Why Was Chamberlain So Excited After The Munich Agreement

The Munich Agreement (Czech: Mnichovska dohoda); in Slovak: Mnechovska dohoda; in German: Munchner Abkommen) or Munchner Verrat (Czech: Mnichovska zrada; The Slovak: Mnechovska zrada) was an agreement reached on 30 September 1938 in Munich by Nazi Germany, the United Kingdom, the Third French Republic and the Kingdom of Italy. It granted Germany the “transfer of the German territory of the Sudetenland” from Czechoslovakia. [1] Most of Europe celebrated the agreement because it prevented the war threatened by Adolf Hitler by allowing the annexation of the Sudetenland by Nazi Germany, a region of Western Czechoslovakia inhabited by more than 3 million people, mainly German-speaking. Hitler declared that this was his last territorial claim in Europe, and the choice seemed to lie between war and appeasement. The American historian William L. Shirer estimated in his “Rise and Fall of the Third Reich” (1960) that Czechoslovakia, although Hitler was not bluffing about its intention to invade, could have resisted considerably. Shirer believed that Britain and France had sufficient air defence to avoid severe bombing of London and Paris, and could have waged a swift and fruitful war against Germany. [66] He quotes Churchill as saying that the agreement means that “Britain and France are in a much worse position than Hitler`s Germany.” [61] After personally inspecting the Czech fortifications, Hitler privately told Joseph Goebbels that “we shed a lot of blood” and that it was fortunate that there had been no fighting. [67] … The solution to the Czechoslovakian problem that has just been found is, in my opinion, only the prelude to a larger colony in which all Europe can find peace. This morning I had another meeting with the German Chancellor, Mr. Hitler, and this is the document that bears his name, as well as mine. Some of you may have already heard what it contains, but I`d just like to read it to you: ` …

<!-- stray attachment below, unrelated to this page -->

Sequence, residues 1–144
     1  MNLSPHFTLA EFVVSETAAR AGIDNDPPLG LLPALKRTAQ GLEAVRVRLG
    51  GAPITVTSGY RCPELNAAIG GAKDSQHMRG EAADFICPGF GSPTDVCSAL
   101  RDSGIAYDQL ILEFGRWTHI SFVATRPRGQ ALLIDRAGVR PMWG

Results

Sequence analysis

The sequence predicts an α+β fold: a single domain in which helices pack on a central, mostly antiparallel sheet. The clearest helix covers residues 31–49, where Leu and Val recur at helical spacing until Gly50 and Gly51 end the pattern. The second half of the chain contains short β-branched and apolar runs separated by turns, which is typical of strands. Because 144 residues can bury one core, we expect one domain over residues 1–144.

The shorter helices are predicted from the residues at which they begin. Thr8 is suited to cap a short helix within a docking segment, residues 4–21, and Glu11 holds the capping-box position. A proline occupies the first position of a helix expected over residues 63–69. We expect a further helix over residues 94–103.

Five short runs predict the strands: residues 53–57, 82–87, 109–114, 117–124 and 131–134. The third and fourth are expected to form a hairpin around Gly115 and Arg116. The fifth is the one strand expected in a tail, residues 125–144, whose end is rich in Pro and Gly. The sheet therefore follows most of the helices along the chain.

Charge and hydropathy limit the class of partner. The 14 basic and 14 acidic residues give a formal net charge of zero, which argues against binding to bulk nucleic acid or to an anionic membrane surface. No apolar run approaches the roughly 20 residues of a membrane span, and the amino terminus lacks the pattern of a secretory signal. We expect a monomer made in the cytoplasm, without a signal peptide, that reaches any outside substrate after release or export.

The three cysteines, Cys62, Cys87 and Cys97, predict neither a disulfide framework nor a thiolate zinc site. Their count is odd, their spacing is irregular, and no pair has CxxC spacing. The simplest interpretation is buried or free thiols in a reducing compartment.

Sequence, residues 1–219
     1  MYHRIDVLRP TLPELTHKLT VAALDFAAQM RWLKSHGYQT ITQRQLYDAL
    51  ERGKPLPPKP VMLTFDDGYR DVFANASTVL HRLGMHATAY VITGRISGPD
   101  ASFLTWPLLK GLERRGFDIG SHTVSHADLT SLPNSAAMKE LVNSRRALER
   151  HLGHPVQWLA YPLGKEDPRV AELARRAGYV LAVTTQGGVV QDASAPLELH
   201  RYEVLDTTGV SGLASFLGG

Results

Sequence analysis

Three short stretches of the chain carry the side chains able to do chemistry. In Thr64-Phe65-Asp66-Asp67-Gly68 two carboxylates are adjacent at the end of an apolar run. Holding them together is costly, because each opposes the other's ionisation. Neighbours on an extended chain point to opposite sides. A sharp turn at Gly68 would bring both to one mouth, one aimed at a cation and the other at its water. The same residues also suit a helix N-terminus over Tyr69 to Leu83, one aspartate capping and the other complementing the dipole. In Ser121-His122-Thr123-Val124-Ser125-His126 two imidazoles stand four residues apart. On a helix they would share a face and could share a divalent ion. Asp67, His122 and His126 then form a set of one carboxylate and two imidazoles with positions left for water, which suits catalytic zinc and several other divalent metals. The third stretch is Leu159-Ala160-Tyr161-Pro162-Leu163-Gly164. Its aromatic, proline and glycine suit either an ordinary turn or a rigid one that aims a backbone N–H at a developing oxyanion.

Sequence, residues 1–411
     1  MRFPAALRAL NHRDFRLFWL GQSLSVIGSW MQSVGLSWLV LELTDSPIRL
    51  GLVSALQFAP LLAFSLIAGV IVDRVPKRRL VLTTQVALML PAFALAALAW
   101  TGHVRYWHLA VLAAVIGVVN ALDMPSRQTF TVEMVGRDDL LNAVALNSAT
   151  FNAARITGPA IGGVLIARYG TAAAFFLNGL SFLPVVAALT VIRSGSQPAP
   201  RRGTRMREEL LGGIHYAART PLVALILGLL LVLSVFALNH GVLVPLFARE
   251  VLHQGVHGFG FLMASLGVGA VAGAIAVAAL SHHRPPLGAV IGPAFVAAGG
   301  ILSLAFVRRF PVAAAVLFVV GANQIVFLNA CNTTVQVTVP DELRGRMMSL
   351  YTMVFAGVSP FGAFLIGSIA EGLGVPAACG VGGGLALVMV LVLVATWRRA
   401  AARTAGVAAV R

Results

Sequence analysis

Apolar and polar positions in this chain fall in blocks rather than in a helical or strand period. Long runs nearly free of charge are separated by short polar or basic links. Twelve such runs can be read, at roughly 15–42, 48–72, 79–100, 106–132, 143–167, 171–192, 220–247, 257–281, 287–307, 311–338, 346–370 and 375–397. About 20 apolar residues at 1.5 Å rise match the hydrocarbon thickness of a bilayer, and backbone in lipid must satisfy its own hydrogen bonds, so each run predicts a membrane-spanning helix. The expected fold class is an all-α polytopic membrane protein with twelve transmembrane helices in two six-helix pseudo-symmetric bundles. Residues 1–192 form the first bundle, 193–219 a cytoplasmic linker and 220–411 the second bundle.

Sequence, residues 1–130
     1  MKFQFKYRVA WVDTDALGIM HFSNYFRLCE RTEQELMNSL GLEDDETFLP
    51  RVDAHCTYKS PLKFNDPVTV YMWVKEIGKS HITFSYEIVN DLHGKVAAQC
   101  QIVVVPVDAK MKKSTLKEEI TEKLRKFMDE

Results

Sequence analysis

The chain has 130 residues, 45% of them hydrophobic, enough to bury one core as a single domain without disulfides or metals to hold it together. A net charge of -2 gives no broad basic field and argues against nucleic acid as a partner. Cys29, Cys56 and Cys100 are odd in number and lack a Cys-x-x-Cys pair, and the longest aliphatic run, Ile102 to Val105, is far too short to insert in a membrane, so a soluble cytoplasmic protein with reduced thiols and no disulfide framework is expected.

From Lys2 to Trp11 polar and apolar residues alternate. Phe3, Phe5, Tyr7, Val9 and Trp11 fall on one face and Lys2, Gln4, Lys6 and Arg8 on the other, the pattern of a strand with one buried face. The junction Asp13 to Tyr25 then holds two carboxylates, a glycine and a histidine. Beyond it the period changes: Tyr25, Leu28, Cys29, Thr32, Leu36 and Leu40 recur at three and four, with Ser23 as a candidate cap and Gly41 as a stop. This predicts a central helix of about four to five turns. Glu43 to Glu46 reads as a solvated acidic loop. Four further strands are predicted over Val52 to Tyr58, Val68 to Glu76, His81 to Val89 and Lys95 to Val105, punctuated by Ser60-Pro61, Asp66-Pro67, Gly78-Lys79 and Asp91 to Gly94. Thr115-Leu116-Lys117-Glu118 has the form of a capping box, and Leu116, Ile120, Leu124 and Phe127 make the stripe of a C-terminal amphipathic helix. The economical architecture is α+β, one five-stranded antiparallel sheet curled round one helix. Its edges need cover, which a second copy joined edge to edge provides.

We consider the agreement signed last night and the Anglo-German naval agreement as a symbol of the desire of our two peoples never to go to war again. [96] When Chamberlain returned from Munich, he said to an excited crowd at Heston airport: “It is peace for our time” and signalled the agreement he had signed with Hitler. This was the culmination of the policy of appeasement. Six months later, Hitler stopped his promises and ordered his armies to invade Prague. Within a year, Britain and France were at war with Germany. On 22 September, Chamberlain, who wanted to travel to Bad Godesberg for further conversations just before his plane to Germany, told the press who met him there that “my goal is peace in Europe, I hope this journey is the way to that peace.” [32] Chamberlain came to Cologne, where he received a big reception with a German band that played “God Save the King” and Germans who offered flowers and gifts to Chamberlain. [32] Chamberlain had calculated that full acceptance of the German annexation of all Sudetenland without reduction would force Hitler to accept the agreement. [32] When Hitler heard, he replied, “Does this mean that the Allies have accepted the transfer of the Sudetenland to Germany?”, Chamberlain replied “Exactly,” to which Hitler replied by shaking his head, saying that the Allies` offer was insufficient.